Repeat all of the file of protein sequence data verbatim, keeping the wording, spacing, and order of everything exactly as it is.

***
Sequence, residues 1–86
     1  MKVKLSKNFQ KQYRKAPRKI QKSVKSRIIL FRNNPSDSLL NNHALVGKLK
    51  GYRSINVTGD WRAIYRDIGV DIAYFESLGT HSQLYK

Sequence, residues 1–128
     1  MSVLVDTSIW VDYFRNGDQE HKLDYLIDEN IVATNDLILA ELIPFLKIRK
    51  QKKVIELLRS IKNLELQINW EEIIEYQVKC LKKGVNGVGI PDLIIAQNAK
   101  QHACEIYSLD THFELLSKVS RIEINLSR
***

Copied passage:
Sequence, residues 1–86
     1  MKVKLSKNFQ KQYRKAPRKI QKSVKSRIIL FRNNPSDSLL NNHALVGKLK
    51  GYRSINVTGD WRAIYRDIGV DIAYFESLGT HSQLYK

Sequence, residues 1–128
     1  MSVLVDTSIW VDYFRNGDQE HKLDYLIDEN IVATNDLILA ELIPFLKIRK
    51  QKKVIELLRS IKNLELQINW EEIIEYQVKC LKKGVNGVGI PDLIIAQNAK
   101  QHACEIYSLD THFELLSKVS RIEINLSR